3. Third, the nature of the sounds made by wind turbines make it especially difficult to rely on reassuring “noise limits” as proposed by states, counties, or townships. Several factors contribute to this dilemma. Noise propagation varies greatly with changing wind and atmospheric conditions; there are many different ways to average noise recordings, some of which can lead to noise levels much higher than local officials may think they are allowing; the pulsing nature of turbine noise is inherently more attention-grabbing and more easily disruptive than road or industrial noises; and finally, there is much we have yet to learn about the factors that create the most troublesome turbine noises, including pulses and low-frequency sound.
  4. And fourth, and perhaps most important yet least appreciated: we are facing some social choices that may be difficult to make.  While broad-brush studies report no simple cause-effect between wind farm noise and various measures of impact (health, annoyance, property values), it is also clear that a minority of those nearby do often experience dramatic, negative impacts.  How many such affected neighbors are we willing to accept?  5%? 20%?  We can no longer pretend this more affected minority doesn’t exist; it’s time to choose how much to adapt wind farm planning — or operations — in response to these impacts.

Jim Cummings, Executive Director, Acoustic Ecology Institute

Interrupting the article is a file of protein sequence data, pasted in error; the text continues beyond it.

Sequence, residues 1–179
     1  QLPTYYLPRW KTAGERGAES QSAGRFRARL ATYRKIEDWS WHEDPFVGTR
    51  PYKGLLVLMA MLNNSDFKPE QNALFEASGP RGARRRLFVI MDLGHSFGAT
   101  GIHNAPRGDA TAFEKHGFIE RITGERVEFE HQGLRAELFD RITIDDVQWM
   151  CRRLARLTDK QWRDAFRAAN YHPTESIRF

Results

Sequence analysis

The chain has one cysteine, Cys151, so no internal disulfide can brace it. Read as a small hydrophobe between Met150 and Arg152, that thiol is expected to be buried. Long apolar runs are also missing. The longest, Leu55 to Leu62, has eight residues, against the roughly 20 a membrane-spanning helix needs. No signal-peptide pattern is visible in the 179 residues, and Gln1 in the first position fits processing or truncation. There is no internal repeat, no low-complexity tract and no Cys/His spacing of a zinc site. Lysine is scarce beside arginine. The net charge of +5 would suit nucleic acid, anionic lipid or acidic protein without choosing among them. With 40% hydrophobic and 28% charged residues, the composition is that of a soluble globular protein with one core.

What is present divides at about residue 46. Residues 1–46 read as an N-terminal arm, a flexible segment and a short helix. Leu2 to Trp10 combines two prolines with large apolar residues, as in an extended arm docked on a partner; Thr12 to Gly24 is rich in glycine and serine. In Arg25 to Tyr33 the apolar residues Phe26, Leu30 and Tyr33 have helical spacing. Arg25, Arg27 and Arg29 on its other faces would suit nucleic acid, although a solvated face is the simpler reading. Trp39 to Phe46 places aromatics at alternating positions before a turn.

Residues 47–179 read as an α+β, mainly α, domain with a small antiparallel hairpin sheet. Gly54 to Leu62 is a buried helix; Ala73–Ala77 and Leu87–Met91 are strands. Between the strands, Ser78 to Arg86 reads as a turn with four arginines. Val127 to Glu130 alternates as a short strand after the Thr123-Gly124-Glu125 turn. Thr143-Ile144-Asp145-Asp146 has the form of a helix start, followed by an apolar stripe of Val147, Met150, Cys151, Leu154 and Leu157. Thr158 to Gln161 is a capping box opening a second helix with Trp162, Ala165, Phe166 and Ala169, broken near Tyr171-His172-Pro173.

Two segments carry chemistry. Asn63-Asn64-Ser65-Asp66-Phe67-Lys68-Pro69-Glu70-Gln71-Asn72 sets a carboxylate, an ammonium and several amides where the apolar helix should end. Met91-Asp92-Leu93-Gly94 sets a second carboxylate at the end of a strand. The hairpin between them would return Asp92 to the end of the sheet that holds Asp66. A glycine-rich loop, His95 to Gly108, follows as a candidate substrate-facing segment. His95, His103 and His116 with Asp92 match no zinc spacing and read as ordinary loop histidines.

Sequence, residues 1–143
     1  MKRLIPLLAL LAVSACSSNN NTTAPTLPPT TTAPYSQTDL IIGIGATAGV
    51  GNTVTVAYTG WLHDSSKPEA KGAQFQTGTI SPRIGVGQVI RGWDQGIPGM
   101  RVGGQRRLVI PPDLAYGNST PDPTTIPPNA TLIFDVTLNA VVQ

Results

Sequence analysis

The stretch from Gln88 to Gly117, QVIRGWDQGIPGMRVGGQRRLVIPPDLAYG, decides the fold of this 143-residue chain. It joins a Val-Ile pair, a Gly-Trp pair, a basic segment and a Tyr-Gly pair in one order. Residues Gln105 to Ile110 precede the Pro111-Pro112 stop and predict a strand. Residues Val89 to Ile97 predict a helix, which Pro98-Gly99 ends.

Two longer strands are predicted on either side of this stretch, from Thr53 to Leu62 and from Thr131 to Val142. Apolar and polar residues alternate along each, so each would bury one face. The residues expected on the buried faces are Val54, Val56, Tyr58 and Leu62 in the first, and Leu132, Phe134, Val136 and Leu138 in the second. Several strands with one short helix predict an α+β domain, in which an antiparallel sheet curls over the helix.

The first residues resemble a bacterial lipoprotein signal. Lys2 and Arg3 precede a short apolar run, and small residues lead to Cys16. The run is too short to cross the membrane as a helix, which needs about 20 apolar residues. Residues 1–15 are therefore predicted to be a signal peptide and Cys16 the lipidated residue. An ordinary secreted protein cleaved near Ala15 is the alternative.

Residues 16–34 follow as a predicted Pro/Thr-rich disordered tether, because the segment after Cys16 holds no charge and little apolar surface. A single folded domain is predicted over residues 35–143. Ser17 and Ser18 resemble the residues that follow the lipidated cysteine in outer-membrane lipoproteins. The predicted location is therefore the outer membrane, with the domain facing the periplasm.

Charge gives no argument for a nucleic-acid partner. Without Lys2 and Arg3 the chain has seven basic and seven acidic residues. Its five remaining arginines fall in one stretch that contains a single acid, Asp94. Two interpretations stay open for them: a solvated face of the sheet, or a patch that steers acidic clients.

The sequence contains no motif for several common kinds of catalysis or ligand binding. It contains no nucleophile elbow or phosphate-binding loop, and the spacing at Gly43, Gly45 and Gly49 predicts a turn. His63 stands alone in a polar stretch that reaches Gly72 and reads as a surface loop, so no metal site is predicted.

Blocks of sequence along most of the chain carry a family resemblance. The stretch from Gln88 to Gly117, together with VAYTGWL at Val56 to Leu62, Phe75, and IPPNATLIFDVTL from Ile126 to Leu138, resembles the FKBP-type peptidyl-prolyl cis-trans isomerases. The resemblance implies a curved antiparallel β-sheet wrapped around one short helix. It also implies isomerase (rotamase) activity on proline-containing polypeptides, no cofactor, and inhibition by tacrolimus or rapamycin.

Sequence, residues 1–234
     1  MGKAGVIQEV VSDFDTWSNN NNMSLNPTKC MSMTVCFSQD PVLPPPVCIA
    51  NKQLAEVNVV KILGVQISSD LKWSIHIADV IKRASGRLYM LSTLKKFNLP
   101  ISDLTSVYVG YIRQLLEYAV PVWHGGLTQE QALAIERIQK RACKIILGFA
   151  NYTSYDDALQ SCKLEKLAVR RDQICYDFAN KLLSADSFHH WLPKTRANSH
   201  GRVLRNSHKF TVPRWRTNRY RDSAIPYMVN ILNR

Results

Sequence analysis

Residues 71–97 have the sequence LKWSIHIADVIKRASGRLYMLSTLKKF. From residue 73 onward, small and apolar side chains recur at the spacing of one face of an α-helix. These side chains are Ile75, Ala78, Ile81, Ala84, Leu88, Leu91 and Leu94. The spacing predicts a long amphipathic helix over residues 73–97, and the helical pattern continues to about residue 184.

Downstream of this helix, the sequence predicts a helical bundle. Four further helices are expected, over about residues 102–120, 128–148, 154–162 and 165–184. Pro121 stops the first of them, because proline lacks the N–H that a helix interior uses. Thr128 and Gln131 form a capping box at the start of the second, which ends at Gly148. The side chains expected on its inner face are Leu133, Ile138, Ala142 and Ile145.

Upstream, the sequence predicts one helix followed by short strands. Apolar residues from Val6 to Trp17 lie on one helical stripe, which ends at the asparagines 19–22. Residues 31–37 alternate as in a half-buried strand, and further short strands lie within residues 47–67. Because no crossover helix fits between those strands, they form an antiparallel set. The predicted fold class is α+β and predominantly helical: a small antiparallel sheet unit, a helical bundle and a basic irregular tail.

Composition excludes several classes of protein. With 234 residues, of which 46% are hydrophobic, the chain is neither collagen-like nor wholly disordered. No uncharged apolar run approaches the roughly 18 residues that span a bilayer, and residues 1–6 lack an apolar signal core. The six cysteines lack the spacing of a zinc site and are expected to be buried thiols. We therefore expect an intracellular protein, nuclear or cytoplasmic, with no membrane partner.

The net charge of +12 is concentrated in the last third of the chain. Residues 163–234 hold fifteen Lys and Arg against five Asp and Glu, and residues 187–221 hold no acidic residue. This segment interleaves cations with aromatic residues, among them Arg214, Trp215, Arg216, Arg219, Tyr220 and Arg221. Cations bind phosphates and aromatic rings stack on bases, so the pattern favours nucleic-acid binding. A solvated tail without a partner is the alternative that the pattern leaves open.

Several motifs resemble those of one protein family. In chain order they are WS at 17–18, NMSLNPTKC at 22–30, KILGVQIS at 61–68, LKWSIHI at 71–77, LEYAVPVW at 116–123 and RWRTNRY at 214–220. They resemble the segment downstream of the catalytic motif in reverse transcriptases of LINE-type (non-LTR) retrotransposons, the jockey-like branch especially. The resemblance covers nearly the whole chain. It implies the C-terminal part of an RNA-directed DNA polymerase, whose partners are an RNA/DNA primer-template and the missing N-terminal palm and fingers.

"Quick version" of AEI's 2009 wind farm report, courtesy of

    "Quick version" of AEI's 2009 wind farm report, courtesy of

The key messages of this report can be boiled down to four themes.

8 Responses to “New AEI report: Wind Farm Noise, 2009 in Review”

  1. Bill Palmer Says:

    Thank you for an excellent report. It raises many good points and presents a good view of trying to understand the issue. Some points are touched on and will need more expansion – for example the impact of cyclical noise is touched on (amplitude modulation) and will deserve more study.

    Also, the low frequency aspect is worth of note to make comparisons useful – a few only examples … 500 metres (1/4 mile) from a wind turbine one measures some 40 dBA and a cyclical 58 to 65 dBC. A refrigerator at 3 metres (10 feet) measures about 40 dBA and a steady 45 dBC. A noisy conference room with lots of air conditioning noise measures 45 dBA and a steady 58 dBC. A vacuum cleaner at 3 metres measures 65 dBA and a steady 69 dBC.

    What we find is that at the home impacted by a wind turbine, while the A weighted sound level sound like a refrigerator, the unmonitored cyclical low frequency noise varying between the noisy conference room and the vacuum cleaner.

    Like Mr. Cummings I have spoken to a significant number of people who are significantly impacted by wind turbine noise, and the dismissal of them by regulators who say “they will get used to it” is distressing.

  2. Kathy Russell Says:

    Finally, an Acoustic group looking at this issue with a common sense approach.

    To build on what Mr Palmer and Mr Cummings say, I too have spoken with a significant number of people who are impacted by wind turbine noise in Australia. What is also clear and does not appear to be mentioned is that those people who do experience noise compared with those who don’t at the same wind farm sites are not necessarily hearing the same things. The science of understanding why is young – but the contributing factors include different topographical, atmospheric and turbine proximity and turbulence characteristics also known as “hotspots” which will render one residence more susceptible to a particular noise characteristic than another.

    Add to this the different physical pre-dispositions of those inhabiting that particular dwelling (like migrane disorder, motion sickness, previous ear surgery, ear sensitivity, high blood pressure etc) and the issue escalates to a public safety issue.